There’s been a lot of talk lately in the gardening world about clover. While clover is certainly nothing new, the buzz has been focused on the latest varieties of white clover that have been bred for smaller and smaller leaf sizes. Microclover is one such variety developed by the DLF seed company. Last year it was one of the most popular products at Nature’s Seed which, unfortunately, led to us selling out of this product early. While the supply still hasn’t caught up to the demand, we were able to source a limited supply for the 2020 growing season and are happy to say it’s back in stock.
What’s the Difference Between Regular White Clover and Microclover?
Regular white Dutch clover and Microclover are essentially the same plant. They’re both Trifolium repens and have the same functioning parts. They both produce small white flowers, have three leaves (unless you’re lucky enough to find one with four), and can fix nitrogen from the atmosphere and share it with the plants around them. The main difference is the leaf size. Where regular clover leaves can be as big as an adult fingernail or larger, Microclover leaves could be compared to the fingernails of a newborn.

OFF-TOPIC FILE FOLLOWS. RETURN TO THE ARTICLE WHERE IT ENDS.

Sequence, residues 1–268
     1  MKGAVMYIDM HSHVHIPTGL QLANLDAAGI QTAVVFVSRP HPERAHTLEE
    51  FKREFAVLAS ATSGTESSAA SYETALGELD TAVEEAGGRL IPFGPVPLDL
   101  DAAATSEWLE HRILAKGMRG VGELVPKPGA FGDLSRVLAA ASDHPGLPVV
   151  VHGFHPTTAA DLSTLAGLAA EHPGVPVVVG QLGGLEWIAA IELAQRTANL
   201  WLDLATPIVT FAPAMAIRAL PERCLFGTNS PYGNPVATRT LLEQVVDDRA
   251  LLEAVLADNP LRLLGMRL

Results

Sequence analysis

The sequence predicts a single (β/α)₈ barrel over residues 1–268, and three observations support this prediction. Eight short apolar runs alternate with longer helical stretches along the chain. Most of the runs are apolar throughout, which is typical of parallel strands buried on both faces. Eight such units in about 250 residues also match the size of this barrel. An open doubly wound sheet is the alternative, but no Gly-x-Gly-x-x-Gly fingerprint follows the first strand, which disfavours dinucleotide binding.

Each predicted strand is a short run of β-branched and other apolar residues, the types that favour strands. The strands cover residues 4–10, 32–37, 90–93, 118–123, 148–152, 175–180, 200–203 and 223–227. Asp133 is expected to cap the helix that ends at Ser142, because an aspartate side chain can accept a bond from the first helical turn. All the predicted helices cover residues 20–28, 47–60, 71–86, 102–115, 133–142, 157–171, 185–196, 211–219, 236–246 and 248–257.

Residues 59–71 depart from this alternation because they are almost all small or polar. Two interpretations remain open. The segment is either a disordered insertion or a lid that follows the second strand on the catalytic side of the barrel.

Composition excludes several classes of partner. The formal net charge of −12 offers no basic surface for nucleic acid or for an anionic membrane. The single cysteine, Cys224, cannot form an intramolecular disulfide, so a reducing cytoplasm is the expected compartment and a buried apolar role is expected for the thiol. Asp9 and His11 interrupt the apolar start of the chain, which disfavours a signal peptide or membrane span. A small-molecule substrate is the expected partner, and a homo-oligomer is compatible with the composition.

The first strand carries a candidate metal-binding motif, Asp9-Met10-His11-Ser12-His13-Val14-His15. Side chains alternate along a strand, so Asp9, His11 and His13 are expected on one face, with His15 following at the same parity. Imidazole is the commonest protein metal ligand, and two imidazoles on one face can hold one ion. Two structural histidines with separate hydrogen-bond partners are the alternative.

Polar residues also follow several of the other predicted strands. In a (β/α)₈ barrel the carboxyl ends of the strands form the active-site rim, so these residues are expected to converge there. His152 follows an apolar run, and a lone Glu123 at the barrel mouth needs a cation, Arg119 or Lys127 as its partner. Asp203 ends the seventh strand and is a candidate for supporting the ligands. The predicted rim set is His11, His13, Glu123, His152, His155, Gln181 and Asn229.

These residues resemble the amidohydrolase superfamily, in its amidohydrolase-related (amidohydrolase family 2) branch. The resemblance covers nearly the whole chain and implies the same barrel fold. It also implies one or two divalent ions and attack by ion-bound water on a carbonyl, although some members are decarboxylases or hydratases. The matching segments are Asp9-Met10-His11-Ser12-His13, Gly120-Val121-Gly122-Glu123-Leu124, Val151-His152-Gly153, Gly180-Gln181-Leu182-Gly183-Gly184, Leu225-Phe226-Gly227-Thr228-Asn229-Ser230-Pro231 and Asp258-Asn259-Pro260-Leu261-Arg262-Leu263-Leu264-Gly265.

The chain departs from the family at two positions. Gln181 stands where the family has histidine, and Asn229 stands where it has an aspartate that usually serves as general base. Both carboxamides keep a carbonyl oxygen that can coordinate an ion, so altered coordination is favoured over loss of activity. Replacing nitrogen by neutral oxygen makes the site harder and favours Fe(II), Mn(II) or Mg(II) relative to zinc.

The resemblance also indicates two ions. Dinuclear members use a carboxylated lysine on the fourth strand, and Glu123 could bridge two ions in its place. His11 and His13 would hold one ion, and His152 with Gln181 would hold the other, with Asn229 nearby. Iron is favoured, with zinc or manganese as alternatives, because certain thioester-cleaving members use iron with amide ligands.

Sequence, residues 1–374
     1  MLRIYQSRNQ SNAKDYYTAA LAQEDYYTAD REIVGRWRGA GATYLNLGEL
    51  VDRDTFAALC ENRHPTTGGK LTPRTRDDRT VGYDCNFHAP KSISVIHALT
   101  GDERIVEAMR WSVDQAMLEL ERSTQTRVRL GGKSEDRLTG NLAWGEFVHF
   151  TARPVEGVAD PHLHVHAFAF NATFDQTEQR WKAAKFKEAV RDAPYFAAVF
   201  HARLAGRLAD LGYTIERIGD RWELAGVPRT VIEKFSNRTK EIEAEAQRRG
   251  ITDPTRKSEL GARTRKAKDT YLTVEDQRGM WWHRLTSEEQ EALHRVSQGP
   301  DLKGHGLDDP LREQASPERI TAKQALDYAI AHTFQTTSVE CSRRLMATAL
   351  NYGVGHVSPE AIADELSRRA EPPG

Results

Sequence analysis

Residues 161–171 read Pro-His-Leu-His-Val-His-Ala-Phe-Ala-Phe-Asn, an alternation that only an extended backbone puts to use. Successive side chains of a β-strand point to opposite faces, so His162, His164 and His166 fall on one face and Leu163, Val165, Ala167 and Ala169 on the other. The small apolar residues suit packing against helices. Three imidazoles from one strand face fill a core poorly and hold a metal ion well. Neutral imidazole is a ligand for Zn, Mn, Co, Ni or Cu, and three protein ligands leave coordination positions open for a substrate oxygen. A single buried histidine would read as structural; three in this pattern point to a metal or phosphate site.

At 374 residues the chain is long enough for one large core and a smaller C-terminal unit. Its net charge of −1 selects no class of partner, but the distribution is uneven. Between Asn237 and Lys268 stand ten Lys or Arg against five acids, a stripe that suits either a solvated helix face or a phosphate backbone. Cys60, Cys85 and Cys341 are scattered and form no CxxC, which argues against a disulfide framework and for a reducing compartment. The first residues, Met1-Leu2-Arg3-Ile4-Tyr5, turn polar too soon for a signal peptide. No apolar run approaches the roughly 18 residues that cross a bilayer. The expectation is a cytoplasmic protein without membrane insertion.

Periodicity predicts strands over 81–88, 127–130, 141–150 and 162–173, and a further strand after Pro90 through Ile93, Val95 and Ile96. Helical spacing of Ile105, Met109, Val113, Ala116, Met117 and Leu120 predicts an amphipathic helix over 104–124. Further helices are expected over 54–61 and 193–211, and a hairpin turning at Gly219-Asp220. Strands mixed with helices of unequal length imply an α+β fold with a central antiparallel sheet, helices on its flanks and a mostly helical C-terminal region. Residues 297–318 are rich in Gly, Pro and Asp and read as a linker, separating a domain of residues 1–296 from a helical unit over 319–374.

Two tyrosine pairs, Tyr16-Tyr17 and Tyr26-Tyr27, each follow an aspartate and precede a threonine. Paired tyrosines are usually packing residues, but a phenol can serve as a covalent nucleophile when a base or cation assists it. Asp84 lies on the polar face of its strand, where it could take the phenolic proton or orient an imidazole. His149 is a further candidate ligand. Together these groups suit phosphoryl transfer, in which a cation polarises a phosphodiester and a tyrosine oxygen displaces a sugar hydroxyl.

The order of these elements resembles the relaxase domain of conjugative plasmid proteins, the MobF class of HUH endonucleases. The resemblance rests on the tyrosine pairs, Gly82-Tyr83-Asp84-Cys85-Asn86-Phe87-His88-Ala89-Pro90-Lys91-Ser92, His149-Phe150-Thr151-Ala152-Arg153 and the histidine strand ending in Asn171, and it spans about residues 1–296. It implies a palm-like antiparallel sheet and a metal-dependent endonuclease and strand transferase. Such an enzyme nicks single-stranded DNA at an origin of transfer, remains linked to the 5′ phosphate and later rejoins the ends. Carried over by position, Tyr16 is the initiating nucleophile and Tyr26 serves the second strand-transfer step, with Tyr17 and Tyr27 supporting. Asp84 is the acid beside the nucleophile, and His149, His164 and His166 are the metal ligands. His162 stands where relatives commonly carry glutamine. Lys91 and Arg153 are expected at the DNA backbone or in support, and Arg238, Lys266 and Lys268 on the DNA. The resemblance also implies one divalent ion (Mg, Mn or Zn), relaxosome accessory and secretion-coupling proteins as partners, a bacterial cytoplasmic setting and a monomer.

The Pros of Planting Microclover
So why would you want to plant clover with itty-bitty leaves? The biggest advantage to this small-leaved version is how it blends with a grass lawn. With Microclover, it’s possible to overseed a traditional grass lawn with clover without actually noticing the clover. For folks with reservations about mixing clover into their grass lawn, Microclover is more acceptable visually. Also, since Microclover tolerates lower mowing heights than the regular type, it can be incorporated into almost any existing lawncare practice.
The Cons of Planting Microclover
But there are reasons you might want to stick to regular white Dutch clover. First, Microclover seed is expensive. Think of it like buying a dog from a shelter versus buying a designer toy dog from a breeder. They’re both dogs, but you’re going to pay a lot more for the cute miniature version that’s been specially bred. And with the demand for Microclover outpacing the supply, prices are not expected to go down anytime soon. Second, Microclover might not stay micro forever. Some customers have reported their Microclover reverting back to regular size after a few seasons. It’s hard to say if this is an issue with management style, cross-pollination with regular clover, or something else, but be aware that it can happen.
There are many reasons why mixing clover into your grass lawn is a great idea. Whether it be the latest designer Microclover or good ol standard white Dutch clover, you’ll be doing your lawn a favor either way.